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Dr Jill Anderson

Senior Research Fellow
School of Social Work, Care and Community

Jill, who has a background in social work, is an experienced researcher and educator with an interest in mental health. She works half time as Senior Research Fellow on Helen Spandler's Wellcome funded project, exploring radical mental health zines.

Jill lives in Lancaster where she co-facilitates Critical and Creative Approaches to Mental Health Practice (CCrAMHP) and is a trustee for Lancaster District CVS.  Jill is a member of the editorial group of Asylum magazine.

Jill grew up in the Scottish borders and in Cambridge and studied English at Bristol University. She worked in the voluntary sector, before qualifying in social work at the University of Sheffield. Jill worked in mental health in Nottingham in the 1990s, during which she was a trustee for Nottingham Advocacy Group and co-supervisor of the patient advocate based there.

Jill has taught social work at the Universities of Nottingham, Lancaster and Cumbria, where she was coordinator of the Approved Mental Health Professional (AMHP) training. She has also worked as a Problem Based Learning facilitator in the school of Medicine at Lancaster University.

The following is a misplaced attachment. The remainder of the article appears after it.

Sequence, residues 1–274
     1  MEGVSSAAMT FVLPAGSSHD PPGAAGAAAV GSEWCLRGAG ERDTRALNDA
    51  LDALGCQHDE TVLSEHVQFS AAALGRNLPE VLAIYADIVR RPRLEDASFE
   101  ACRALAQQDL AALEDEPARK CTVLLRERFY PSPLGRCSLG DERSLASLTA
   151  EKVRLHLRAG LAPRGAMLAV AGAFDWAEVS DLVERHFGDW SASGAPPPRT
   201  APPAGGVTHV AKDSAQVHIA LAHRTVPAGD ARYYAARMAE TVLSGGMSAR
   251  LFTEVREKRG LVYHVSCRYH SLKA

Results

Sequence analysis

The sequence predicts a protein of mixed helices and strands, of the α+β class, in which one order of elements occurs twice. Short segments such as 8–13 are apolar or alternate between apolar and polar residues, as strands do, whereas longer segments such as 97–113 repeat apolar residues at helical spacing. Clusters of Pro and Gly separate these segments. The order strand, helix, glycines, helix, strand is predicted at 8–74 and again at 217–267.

For many years, Jill coordinated the interdisciplinary Mental Health in Higher Education (mhhe) project, affiliated to the Centre for Excellence in Interdisciplinary Mental Health at the University of Birmingham. She is involved - alongside members of COMENSUS - in the Developers of User and Carer Involvement in Education (DUCIE) network. Jill has been an active contributor to national workforce development initiatives in mental health and was co-author - with Bob Sapey - of the College of Social Work Mental Health curriculum guide.

Jill has organised a wide range of conferences and workshops on learning and teaching in mental health. She is a regular reviewer for journals in the areas of social work and mental health and has experience as an external examiner. Jill was co-editor - with Helen Spandler and Bob Sapey - of Madness, Distress and the Politics of Disablement (Policy Press).